TO UNDERSTAND the transition from First Wave economic stategies of the industrial era to Second Wave strategies, a metaphor is useful:
During the industrial era, large corporations were organized much like ancient Mediterranean slave galleys. They were big; they were cumbersome; it took them forever to change direction. Their workers supplied brawn, not brains. But if they pulled in unison, hard enough and long enough, they could get up some real speed.
Suddenly a new technology emerged: the sail (read the computer chip). The sail gave ships a new flexibility. Now they could change direction quickly as winds and currents shifted, and they could travel the globe. But sailing technology forced the ship owners to make fundamental changes -- to devise a Second Wave strategy They had to build smaller ships, get rid of their slaves and hire a skilled crew in which every member knew enough about the technology to do every job.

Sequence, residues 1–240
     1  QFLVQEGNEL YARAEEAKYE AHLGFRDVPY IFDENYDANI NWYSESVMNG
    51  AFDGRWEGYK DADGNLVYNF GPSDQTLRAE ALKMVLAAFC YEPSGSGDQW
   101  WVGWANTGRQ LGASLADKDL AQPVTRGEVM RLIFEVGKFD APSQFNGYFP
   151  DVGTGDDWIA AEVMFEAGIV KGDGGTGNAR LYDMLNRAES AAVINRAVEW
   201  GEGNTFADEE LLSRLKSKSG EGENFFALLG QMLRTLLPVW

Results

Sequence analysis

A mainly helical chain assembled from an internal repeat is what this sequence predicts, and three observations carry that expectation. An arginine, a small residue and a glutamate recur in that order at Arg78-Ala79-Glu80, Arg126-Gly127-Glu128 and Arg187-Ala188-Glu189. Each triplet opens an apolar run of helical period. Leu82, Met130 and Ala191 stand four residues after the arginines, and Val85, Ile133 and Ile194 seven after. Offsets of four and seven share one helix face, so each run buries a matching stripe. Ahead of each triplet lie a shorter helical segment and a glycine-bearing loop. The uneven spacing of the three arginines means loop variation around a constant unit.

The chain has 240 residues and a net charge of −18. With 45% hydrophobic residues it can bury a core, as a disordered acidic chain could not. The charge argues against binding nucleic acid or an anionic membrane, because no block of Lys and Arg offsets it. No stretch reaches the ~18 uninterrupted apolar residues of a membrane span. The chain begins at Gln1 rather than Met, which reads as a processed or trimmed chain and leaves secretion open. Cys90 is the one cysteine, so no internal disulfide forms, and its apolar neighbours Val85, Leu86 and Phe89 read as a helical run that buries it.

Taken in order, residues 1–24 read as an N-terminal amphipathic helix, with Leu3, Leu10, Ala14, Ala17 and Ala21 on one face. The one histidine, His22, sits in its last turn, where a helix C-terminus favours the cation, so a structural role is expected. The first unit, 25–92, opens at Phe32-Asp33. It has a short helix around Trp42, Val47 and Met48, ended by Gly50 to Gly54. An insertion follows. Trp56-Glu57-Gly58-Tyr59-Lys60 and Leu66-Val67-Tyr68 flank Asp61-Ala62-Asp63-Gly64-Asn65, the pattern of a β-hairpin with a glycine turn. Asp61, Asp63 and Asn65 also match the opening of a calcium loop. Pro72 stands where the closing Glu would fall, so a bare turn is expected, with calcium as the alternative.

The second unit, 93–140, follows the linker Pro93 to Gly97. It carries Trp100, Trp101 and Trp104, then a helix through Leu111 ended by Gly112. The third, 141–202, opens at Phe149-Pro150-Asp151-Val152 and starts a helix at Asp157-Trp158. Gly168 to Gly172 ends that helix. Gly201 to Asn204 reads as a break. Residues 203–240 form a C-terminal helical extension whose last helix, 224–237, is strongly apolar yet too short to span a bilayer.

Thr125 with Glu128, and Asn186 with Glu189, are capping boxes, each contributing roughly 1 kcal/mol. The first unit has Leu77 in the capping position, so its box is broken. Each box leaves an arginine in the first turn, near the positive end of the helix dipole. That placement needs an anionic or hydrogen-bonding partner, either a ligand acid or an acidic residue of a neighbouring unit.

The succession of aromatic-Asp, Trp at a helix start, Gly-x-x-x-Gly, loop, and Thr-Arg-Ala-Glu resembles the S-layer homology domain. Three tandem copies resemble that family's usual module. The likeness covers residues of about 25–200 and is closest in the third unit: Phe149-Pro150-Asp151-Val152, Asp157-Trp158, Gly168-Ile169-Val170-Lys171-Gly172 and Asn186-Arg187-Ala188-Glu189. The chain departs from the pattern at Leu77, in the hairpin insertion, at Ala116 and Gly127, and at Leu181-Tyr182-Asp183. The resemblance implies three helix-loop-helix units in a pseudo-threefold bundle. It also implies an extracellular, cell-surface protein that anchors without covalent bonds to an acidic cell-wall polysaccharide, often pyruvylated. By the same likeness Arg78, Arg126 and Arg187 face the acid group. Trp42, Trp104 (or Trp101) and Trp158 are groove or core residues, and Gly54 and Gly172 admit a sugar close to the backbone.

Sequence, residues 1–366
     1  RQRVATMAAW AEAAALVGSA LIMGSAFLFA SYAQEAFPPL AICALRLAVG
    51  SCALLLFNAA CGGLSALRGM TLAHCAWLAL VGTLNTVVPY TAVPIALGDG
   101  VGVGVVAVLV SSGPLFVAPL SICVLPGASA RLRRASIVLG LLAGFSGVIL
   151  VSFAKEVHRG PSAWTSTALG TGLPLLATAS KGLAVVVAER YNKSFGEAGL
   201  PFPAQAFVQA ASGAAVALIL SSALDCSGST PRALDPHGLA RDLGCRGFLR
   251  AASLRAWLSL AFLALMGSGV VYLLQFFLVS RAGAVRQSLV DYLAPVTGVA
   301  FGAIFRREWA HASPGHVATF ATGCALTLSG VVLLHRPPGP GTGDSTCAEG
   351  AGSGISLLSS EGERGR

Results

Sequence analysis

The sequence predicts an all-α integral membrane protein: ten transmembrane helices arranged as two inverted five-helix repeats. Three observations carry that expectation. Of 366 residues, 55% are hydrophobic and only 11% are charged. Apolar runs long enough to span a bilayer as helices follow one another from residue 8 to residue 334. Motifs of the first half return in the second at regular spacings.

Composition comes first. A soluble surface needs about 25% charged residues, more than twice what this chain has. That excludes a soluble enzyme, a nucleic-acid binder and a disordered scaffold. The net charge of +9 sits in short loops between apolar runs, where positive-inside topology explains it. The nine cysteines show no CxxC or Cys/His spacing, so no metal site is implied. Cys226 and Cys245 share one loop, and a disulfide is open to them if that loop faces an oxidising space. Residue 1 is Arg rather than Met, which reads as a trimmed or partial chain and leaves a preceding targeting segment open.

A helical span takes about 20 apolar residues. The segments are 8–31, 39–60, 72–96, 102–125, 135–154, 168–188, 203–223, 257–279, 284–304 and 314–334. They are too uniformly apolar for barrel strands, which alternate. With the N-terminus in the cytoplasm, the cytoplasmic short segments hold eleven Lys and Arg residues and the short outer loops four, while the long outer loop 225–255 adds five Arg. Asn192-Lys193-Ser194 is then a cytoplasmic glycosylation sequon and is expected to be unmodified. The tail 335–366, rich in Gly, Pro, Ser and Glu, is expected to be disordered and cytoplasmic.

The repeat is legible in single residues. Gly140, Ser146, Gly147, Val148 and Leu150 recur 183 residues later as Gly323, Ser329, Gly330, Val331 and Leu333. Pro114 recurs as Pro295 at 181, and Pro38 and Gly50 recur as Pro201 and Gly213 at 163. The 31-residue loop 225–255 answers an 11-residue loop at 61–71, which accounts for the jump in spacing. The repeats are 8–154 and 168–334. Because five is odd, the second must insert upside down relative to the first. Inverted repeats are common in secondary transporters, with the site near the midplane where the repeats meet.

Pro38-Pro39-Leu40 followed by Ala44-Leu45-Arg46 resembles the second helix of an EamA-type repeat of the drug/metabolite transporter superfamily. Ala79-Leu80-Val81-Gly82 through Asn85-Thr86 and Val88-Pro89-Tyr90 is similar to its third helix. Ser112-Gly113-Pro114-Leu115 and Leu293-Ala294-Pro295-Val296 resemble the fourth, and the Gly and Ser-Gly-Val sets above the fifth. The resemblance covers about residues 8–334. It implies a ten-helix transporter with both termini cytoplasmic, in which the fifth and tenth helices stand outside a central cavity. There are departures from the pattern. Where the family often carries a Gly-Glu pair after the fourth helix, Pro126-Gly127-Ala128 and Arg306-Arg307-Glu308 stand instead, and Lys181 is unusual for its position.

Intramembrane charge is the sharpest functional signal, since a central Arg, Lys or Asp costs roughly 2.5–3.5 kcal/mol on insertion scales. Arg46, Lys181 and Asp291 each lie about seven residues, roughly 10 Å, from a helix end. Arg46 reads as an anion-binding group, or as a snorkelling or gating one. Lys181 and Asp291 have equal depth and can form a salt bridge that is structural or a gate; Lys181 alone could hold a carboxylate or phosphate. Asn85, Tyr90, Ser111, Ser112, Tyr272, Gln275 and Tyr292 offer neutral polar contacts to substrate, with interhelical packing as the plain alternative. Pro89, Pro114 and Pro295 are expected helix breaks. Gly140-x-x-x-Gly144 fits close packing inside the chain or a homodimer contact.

Government, meanwhile, played the role of harbor master. In the days of slave galleys, harbor masters had to make sure there were enough well-muscled slaves to man the ships. Galley captains could take care of the rest.
Sailboats were another matter entirely. They competed with thousands of boats a over the globe, in a world in which ship and sail design were constantly refined. Captains now needed access to highly skilled crews, constant research on new designs, sufficient capital to build new ships as the technology improved, and the latest in navigation technology and expertise.
The harbor master's job was not to run the ships, nor to pick those with the best chance of winning. It was to make sure they had access to the best in everything they needed. It was to analyze the competitive strengths and weaknesses of the harbor and then to organize it to produce winners.